Archive for the ‘REST’ Category

For the REST-purists under us, a resources ending with a slash is not the same as a resource ending without a slash. However, the difference between url://xxxx.com/a and url://xxxx.com/a/ is ignored. The trailing slash is omitted.

When you try to map a resource with a trailing slash using the standard @Path annotation, the methods get mapped to the same endpoint causing an exception.

@RequestScoped
public class TestResource {

 @Path("{path}")
 @GET
 public String test1(@PathParam("path") String path) {
 return "test1";
 }

 @Path("{path}/")
 @GET
 public String test2(@PathParam("path") String path) {
 return "test2";
 }
}

Glassfish answers during the deployment with:

SEVERE: Following issues have been detected: WARNING: A resource model has ambiguous (sub-)resource method for HTTP method GET and input mime-types as defined by @Consumes and @Produces annotations at Java methods … These two methods produces and consumes exactly the same mime-types and therefore their invocation as a resource methods will always fail.

In Glassfish which uses the Jersey under the hood, the slash is also ignored. But there is a workaround. You can use regex in the Path-annotation to map resources ending with a slash. In the example at the end, I use regex to map the paths to the methods. But there is something you should know about the path-matching algorithm. The mapping algorithm uses the following rules:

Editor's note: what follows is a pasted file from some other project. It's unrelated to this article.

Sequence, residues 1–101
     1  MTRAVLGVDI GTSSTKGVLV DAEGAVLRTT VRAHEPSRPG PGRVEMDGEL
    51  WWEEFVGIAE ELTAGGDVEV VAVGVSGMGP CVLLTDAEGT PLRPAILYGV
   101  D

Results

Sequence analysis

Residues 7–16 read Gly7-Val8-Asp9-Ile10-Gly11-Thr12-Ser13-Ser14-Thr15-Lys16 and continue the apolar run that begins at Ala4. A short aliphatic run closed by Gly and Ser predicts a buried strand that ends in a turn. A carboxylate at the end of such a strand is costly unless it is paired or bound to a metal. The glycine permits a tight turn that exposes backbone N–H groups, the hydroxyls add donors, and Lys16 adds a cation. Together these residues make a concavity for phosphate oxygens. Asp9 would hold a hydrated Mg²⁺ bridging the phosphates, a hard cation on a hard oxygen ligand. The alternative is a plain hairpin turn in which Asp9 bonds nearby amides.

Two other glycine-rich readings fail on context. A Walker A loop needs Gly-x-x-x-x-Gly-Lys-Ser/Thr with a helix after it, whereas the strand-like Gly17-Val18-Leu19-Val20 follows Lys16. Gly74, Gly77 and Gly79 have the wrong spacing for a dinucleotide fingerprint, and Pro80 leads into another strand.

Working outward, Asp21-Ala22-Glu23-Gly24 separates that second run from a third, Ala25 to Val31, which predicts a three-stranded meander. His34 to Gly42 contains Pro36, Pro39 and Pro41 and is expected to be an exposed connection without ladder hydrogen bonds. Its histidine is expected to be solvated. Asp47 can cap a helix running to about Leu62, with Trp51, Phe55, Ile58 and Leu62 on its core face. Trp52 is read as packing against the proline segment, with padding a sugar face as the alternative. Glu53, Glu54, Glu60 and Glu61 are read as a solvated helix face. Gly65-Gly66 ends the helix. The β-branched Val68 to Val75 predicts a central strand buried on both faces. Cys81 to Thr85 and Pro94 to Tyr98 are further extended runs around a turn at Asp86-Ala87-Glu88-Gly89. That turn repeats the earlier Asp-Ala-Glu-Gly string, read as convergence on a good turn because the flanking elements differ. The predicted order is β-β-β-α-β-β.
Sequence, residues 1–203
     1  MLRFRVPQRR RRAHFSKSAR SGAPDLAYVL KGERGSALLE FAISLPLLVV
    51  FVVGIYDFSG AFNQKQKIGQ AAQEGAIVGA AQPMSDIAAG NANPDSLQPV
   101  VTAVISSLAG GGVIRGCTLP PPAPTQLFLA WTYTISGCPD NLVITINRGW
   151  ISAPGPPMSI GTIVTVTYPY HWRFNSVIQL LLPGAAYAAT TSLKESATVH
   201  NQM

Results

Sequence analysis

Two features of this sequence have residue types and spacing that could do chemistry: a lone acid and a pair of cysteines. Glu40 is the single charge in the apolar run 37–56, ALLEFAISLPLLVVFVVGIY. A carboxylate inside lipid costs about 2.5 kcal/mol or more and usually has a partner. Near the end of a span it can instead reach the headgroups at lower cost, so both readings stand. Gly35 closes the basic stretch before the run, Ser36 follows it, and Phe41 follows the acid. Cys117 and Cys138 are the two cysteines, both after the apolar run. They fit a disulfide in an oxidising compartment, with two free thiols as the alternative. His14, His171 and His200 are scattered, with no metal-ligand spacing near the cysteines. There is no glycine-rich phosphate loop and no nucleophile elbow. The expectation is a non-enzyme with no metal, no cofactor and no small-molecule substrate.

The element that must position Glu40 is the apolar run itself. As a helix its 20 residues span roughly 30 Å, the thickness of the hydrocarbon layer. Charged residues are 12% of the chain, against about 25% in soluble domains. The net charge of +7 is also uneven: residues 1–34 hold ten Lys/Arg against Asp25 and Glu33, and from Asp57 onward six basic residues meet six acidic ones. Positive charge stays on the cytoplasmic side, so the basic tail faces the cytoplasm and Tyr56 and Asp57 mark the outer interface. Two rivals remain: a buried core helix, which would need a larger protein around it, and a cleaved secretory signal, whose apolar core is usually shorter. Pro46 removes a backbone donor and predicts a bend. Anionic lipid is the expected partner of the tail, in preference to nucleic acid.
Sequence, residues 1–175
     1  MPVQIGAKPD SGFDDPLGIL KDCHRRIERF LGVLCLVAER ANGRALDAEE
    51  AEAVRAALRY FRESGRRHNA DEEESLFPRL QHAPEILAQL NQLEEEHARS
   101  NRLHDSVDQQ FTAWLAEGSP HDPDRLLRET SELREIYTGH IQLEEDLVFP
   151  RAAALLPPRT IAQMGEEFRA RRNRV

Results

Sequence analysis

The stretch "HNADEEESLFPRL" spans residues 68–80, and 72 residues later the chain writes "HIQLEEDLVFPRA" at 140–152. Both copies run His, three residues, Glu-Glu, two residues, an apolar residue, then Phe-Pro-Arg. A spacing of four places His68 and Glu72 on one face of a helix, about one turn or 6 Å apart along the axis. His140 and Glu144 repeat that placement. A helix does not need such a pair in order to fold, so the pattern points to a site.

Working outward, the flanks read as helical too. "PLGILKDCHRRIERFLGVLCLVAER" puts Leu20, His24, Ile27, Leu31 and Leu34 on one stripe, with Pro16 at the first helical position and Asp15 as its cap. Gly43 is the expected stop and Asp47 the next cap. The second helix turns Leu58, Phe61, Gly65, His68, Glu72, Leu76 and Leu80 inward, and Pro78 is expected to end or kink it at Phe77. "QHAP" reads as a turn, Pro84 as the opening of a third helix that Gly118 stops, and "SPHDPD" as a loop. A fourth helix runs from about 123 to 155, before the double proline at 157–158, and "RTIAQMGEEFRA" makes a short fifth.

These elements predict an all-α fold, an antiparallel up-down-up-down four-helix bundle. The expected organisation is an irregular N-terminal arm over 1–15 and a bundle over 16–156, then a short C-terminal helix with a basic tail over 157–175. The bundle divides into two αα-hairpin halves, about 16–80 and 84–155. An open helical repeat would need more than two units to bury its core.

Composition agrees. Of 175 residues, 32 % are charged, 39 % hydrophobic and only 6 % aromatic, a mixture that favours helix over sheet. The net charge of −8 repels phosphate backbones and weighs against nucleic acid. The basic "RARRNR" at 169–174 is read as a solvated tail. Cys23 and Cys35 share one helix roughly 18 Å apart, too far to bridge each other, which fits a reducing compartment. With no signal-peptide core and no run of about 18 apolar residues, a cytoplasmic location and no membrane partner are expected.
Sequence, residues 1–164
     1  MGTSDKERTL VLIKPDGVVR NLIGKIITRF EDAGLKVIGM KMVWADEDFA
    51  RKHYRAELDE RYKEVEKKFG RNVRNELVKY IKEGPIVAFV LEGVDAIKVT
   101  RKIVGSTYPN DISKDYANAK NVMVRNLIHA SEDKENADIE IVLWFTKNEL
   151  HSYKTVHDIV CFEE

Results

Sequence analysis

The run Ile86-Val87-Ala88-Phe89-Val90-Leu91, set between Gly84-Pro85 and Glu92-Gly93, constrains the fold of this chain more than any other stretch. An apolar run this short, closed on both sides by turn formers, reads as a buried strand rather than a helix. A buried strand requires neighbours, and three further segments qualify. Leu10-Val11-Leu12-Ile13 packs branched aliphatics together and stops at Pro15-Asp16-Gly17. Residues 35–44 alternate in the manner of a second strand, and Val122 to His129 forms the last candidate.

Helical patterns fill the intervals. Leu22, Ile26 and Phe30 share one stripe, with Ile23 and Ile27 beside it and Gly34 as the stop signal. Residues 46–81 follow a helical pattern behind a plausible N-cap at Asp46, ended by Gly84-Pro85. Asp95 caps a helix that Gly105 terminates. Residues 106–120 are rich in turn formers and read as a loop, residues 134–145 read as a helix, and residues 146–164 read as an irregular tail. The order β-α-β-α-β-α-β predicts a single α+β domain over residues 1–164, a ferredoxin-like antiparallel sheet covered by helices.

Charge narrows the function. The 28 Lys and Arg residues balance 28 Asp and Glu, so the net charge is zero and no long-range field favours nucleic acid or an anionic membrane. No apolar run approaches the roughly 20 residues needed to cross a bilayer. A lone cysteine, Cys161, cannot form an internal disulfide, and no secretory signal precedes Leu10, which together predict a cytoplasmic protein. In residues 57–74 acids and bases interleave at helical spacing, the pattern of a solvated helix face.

The JAX-RS specification has defined strict sorting and precedence rules for matching URI expressions and is based on a most specific match wins algorithm. The JAX-RS provider gathers up the set of deployed URI expressions and sorts them based on the following logic:

  1. The primary key of the sort is the number of literal characters in the full URI matching pattern. The sort is in descending order.
  2. The secondary key of the sort is the number of template expressions embedded within the pattern, i.e., {id} or {id : .+}. This sort is in descending order.
  3. The tertiary key of the sort is the number of nondefault template expressions. A default template expression is one that does not define a regular expression, i.e., {id}.

In the following example,  test2 is found before test1 because the regex is longer! We check the trailing slash first. When it fails, it falls back to test1.


@RequestScoped
public class TestResource {

 @Path("{test:.*}")
 @GET
 public String test1(@PathParam("test") String test) {
 return "test1";
 }

 @Path("{test:.*[/]}") // takes precedence
 @GET
 public String test2(@PathParam("test") String test) {
 return "test2";
 }
}

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